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Sports Equipment: The Sea of Options
Do you know that ice hockey is among the most popular kinds of sports in the world even though it has a high injury rate due to the amount of physical contact between players? Given the size of the sports equipment market, consumers should understand the differences between wood and composite ice hockey sticks to make informed purchasing decisions. This public service announcement leaflet compares two types of hockey sticks and demonstrates the unquestionable advantages of composite sticks, such as durability, high quality, strength, and eco-friendliness.
Why Choose Composite Sticks?
Composite sticks for ice hockey can be called a preferable option due to many reasons. Such sticks are made using a variety of materials, including aluminum, Kevlar, graphite, and carbon fiber, which explains many of their advantages discussed in the leaflet (Coach Jeremy). The key drawbacks of these sticks relate to affordability and, probably, the emotional component of hockey players’ experiences (Coach Jeremy). However, both factors are less important than product quality and durability.
Composite sticks have the following benefits:
- Their use can positively impact the quality of sports experiences – they are less heavy than wood sticks and provide more opportunities for customization (Coach Jeremy);
- The physical properties of materials other than wood make composite hockey sticks more durable and less prone to breakage, which also improves players’ satisfaction (Coach Jeremy);
- From durability considerations, although wood sticks tend to be cheaper, the purchase of a composite stick can be regarded as a better investment.
Can Composite Sticks be Eco-Friendly?
Speaking about both options’ environmental friendliness, composite sticks possess more advantages in this regard. To begin with, their production does not involve the exploitation of natural resources such as wood and does not contribute to deforestation, which is a growing problem today (Coach Jeremy). More than that, considering the strength of the materials used for their production, ice hockey players dispose of composite sticks less frequently, and it has implications for waste processing and related problems.
Wood Sticks and the Decline in Their Popularity
The use of wood sticks can be regarded as a more traditional option associated with nostalgic memories of childhood. There are some professional players who prefer wood sticks, but the majority of ice hockey stars recognize the benefits of the composite ones (Coach Jeremy). The key advantage of hockey sticks made from wood is their affordability (Coach Jeremy). More than that, there is evidence that they have “a 10% higher puck speed” compared to the composite ones (Kays and Smith 245). Due to the price levels, they can be an acceptable option for amateurs who do not play ice hockey on a regular basis.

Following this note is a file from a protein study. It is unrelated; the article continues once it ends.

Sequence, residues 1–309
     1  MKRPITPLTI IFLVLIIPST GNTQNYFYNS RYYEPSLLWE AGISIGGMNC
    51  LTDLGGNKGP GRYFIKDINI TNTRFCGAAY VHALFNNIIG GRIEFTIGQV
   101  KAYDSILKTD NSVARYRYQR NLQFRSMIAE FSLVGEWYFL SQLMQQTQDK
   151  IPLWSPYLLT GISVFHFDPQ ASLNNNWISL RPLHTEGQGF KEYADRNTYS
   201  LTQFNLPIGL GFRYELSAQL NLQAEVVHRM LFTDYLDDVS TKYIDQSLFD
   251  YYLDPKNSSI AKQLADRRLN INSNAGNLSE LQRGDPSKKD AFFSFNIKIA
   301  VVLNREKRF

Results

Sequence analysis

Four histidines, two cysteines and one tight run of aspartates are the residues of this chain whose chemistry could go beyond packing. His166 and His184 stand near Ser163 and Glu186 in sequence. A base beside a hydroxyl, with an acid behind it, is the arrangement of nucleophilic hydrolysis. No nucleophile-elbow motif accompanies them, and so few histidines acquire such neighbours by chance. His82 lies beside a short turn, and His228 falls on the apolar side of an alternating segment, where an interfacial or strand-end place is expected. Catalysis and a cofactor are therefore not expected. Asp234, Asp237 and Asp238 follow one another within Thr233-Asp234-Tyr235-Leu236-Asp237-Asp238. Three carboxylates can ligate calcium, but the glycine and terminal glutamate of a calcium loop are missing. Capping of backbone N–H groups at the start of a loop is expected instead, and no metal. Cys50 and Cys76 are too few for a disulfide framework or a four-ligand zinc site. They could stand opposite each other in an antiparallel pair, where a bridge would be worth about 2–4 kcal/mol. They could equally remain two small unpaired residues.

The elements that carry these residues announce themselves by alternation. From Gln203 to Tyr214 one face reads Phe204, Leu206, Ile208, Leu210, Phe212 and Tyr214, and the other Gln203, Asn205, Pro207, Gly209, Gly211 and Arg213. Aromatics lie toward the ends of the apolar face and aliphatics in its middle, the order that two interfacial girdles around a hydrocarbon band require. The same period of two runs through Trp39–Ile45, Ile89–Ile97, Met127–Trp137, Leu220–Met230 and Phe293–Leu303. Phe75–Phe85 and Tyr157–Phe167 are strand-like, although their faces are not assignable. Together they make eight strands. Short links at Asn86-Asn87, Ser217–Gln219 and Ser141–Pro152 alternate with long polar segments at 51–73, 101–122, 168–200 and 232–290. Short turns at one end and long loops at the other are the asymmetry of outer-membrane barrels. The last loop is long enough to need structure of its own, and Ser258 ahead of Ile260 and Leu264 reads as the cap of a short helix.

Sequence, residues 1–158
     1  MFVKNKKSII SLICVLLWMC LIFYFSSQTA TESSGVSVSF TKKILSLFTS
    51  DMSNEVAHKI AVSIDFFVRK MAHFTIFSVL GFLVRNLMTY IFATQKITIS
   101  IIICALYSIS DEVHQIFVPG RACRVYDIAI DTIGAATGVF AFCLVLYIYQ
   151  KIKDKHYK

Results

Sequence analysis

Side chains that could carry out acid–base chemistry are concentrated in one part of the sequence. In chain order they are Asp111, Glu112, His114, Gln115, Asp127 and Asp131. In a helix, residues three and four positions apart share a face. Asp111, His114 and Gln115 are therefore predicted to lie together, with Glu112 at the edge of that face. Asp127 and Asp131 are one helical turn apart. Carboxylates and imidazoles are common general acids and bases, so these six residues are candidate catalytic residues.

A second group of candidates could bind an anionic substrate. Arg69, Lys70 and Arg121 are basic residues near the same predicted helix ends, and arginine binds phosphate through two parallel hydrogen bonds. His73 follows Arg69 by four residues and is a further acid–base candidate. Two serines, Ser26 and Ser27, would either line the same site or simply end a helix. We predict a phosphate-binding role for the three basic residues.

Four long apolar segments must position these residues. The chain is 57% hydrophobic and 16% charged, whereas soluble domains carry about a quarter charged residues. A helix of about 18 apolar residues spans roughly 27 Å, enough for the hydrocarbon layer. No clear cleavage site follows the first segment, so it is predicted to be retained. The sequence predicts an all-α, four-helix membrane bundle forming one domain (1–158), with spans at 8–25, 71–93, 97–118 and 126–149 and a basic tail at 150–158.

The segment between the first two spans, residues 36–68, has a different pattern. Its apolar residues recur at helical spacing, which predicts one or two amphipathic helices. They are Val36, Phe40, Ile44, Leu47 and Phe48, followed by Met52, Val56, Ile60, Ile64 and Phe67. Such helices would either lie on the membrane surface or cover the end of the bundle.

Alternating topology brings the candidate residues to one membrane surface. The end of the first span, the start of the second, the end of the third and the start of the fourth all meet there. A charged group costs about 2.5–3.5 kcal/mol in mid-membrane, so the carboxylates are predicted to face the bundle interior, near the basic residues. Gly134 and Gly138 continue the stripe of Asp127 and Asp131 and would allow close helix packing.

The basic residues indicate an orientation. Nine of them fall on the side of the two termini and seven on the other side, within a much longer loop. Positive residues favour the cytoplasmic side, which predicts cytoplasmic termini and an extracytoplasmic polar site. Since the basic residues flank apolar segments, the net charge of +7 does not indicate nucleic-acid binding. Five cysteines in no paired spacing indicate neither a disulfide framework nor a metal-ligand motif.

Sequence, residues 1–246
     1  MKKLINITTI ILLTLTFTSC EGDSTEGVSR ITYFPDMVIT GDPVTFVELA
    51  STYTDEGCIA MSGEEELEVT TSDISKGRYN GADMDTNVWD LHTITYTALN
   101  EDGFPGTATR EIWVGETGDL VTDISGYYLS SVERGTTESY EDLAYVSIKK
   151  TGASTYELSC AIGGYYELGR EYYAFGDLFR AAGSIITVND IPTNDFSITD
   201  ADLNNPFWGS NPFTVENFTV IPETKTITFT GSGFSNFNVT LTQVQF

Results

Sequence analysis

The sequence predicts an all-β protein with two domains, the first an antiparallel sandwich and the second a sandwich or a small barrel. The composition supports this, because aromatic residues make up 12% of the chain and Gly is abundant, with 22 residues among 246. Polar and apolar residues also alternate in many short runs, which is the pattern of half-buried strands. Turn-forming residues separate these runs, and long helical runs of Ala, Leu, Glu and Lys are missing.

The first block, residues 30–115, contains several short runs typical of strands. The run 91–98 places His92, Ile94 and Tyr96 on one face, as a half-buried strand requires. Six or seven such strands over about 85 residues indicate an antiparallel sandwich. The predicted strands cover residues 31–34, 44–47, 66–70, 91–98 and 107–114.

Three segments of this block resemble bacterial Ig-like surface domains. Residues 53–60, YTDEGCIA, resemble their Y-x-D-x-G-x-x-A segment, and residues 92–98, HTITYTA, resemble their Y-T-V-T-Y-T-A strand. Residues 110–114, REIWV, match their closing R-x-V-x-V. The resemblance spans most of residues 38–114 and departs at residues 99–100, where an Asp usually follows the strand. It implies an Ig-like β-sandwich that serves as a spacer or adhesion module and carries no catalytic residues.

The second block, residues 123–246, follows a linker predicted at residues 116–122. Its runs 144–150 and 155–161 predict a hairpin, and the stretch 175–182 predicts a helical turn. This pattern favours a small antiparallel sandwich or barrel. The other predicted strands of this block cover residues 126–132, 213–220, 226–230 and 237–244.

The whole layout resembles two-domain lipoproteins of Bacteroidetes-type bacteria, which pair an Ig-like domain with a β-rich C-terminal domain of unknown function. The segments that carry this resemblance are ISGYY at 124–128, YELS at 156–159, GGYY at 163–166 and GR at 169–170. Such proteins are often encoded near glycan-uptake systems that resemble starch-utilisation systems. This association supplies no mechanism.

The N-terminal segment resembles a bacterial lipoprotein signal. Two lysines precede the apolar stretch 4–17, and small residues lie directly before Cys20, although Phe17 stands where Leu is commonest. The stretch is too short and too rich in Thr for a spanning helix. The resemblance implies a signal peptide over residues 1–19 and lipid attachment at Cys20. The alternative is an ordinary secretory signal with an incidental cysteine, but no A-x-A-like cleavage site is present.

Compared to composite sticks, the ones made from wood have more disadvantages that are relevant to an average user. In particular, the following drawbacks deserve consumers’ attention:
- Heterogeneity in quality: there can be significant variations in the properties of wood depending on its origin, storage conditions, density, and climate conditions in the tree’s habitat (Karakaya et al. 623). Therefore, even wood sticks produced by the same company can be extremely different in quality.
- Durability and safety: wood sticks weigh more than composite ones and tend to be less strong, which results in more frequent breakages (Coach Jeremy). As these drawbacks are related to the risks of injuries, young hockey players’ parents should consider them before making buying decisions.
Based on the analysis of the two types of sticks, customers are recommended to purchase composite sticks since they provide better sports experiences. Preferring them to wooden sticks, people get equipment made from solid and safe materials that are not heavy or prone to breakages. Due to their advantages, sticks from composite materials are a good option for people who care about the safety of their children and the growth of deforestation.
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Coach Jeremy. “Beginners Guide to Hockey Sticks.” New to Hockey. 2018. Web.
Karakaya, Selda, et al. “Socioeconomic Structure and Analysis of the Demand for Wood Raw Materials in the Poplar Wood-Processing Companies of the Sakarya and Kocaeli Provinces in Turkey.” Journal of Sustainable Forestry, vol. 36, no. 6, 2017, pp. 623-646.
Kays, Brendan T., and Lloyd V. Smith. “Effect of Ice Hockey Stick Stiffness on Performance.” Sports Engineering, vol. 20, no. 4, 2017, pp. 245-254.